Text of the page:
The Shadow Service: An Entire PC in the Cloud
Once you’ve unpacked, connected, and powered up the Ghost, it will likely perform some system updates automatically before displaying the Shadow login screen. This is where you enter your Shadow account info.
The Shadow Ghost works only in concert with an active Shadow account, which costs $ 34.95 per month to maintain. (If you’re willing to sign up for a year, that drops to $ 29.95 a month.) This is far higher than competing services like PlayStation Now or GameFly, or the GeForce Now service that works with the Shield TV. Then again, none of these services offers you your own personal Windows 10 PC in the cloud. GeForceNow is also limited to a top resolution of 1080p. Shadow lets you game at 1440p and 4K, if you want, which could further help justify the price difference.
And Shadow really is offering you the equivalent of having an entire PC at your command. Once you log in, Windows takes over and transforms your TV or Ghost-connected monitor into a PC desktop. Device Manager reports it as powered by an Intel Xeon CPU and an Nvidia Quadro graphics processor. The exact specs can vary from account to account, and Shadow frequently updates its components, but my test account reports back a Quadro P5000 and a Xeon E5-2678 as the CPU/GPU engine powering my cloud machine.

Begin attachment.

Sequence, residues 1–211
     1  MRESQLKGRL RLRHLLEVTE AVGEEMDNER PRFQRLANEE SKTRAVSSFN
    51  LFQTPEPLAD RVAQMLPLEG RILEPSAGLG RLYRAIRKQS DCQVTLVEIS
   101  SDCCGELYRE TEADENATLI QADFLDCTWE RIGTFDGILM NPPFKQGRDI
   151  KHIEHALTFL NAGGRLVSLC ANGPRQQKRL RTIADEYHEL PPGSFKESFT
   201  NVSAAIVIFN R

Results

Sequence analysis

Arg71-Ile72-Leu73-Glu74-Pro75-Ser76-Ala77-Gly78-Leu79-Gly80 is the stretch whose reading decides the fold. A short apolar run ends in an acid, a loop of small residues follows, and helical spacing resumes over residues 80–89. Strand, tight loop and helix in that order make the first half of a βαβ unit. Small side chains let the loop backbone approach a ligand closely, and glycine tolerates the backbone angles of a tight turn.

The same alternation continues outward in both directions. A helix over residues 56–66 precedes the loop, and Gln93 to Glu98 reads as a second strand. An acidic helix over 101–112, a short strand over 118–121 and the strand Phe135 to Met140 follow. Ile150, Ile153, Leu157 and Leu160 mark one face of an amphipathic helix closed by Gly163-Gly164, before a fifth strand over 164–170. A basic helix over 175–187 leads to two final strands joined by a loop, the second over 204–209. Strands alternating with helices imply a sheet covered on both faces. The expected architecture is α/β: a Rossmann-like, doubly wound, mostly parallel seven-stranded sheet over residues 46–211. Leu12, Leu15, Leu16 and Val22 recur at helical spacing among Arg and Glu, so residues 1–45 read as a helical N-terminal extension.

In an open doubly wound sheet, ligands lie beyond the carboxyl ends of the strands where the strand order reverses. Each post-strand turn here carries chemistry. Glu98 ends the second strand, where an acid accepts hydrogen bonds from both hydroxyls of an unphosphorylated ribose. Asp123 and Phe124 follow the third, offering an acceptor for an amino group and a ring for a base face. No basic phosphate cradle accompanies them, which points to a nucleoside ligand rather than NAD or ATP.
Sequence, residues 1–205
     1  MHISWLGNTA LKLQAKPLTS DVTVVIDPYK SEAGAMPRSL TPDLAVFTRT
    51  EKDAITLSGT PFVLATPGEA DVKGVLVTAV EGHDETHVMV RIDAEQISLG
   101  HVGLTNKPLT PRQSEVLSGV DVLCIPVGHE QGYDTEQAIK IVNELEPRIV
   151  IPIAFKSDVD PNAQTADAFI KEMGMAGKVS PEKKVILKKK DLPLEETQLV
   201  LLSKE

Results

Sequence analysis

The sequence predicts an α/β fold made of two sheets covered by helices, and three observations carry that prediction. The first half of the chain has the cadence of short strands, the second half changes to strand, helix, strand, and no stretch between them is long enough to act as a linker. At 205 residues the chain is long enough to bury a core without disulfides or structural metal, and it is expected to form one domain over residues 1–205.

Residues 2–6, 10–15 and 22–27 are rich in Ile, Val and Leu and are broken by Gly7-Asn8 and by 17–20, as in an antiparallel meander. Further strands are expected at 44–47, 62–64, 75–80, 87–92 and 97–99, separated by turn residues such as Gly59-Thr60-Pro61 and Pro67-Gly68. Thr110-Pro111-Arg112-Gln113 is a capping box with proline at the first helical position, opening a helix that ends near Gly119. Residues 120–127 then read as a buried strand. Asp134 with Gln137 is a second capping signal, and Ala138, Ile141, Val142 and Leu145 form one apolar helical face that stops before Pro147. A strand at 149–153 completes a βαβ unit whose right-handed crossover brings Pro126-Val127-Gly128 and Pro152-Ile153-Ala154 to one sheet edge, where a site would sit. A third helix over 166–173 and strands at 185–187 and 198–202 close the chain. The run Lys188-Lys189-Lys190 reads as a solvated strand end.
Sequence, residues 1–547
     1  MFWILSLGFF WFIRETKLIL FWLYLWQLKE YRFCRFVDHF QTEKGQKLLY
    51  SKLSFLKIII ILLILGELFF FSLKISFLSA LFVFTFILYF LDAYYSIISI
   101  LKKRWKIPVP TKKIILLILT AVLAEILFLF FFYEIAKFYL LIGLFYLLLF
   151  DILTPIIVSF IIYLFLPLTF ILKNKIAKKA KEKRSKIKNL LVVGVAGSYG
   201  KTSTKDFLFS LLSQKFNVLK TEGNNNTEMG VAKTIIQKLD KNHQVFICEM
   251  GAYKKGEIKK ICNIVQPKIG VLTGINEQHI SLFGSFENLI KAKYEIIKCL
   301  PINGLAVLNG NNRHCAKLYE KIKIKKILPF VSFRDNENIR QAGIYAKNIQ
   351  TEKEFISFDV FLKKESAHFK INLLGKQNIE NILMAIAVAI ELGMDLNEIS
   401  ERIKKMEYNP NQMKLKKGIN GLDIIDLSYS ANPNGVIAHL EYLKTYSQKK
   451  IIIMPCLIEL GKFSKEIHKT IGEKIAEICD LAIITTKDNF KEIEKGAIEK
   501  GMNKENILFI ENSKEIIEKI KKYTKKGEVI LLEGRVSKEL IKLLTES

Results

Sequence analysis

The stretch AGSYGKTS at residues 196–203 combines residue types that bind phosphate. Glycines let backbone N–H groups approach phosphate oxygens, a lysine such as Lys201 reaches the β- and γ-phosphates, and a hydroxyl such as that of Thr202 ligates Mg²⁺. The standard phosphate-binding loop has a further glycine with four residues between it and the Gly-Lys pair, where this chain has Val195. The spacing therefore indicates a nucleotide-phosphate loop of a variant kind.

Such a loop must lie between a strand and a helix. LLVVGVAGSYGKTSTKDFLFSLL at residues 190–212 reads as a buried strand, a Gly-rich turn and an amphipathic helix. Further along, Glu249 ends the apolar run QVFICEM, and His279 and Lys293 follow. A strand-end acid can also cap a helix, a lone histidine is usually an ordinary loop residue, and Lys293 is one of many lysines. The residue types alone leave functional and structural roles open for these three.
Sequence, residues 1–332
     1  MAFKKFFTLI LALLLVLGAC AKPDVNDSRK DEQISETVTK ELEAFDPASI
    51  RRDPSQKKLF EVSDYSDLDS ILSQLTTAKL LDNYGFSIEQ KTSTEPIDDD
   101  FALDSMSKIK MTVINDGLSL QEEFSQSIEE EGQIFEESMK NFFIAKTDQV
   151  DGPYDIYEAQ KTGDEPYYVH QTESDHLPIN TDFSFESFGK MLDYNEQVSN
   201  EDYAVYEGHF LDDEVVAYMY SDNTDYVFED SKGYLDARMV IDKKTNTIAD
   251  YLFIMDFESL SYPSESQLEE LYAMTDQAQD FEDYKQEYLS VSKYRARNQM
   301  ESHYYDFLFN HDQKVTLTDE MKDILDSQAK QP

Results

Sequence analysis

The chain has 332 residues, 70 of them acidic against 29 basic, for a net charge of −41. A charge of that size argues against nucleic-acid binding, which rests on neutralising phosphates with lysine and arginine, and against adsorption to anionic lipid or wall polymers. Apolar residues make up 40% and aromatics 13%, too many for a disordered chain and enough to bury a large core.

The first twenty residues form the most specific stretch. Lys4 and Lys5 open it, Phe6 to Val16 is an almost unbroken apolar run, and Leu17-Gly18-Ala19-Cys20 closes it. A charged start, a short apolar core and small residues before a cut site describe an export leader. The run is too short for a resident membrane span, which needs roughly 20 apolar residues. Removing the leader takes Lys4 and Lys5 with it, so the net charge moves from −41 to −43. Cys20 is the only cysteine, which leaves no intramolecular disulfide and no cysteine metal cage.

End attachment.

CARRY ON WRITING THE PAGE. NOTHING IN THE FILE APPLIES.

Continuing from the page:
You can also access your Shadow account from your own laptop or desktop PC (without the Ghost as an intermediary), similar to how you might log in to a virtual machine for work, or from Shadow’s Android or iOS apps. In fact, you don’t need to buy the Ghost at all if you just want to use Shadow’s service on your existing PC or mobile devices. Taking this flexibility into account, $ 34.95 per month seems fair, especially since Shadow regularly upgrades the components in its virtual machines.
In addition to the Xeon CPU and Quadro graphics card, which Shadow claims is equivalent in performance to an Nvidia GeForce GTX 1080, my test account also shows 12GB of RAM and 256GB of dedicated storage at my cloud PC’s disposal. The 256GB limit could be a significant drawback if you have an extensive library of dedicated AAA titles. In the past, Shadow has offered 1TB of storage for an additional payment of around $ 3 per month, but the option to buy more storage isn’t currently available, according to Shadow, due to “high demand.”
Meanwhile, the Shadow virtual machine’s internet connection is lightning fast—that is, the connection from the cloud PC to the internet. It’s rated at 1Gbps for downloads and 100Mbps for uploads server-side, so you can always uninstall and redownload games as necessary using that fast pipe. And the internet connection really was that fast in my testing: I got exactly the speeds that Shadow advertised using the Speedtest Windows app from Ookla, running it server-side. (Disclosure: PCMag’s parent company, Ziff Davis, also owns Ookla.)
Decent Performance for Casual Gaming
It’s important to remember that these speeds apply to the connection between your virtual Shadow PC in the cloud and the internet, not between your Shadow Ghost device and the cloud. The latter connection is limited by your home internet connection. Shadow says its service is optimized for a good experience at speeds as low as 15Mbps, which should cover nearly every home broadband subscriber (and even folks connecting to Shadow over a 4G LTE connection). You can manually set bandwidth in the Shadow Ghost’s Settings window, or you can let Shadow adjust it automatically.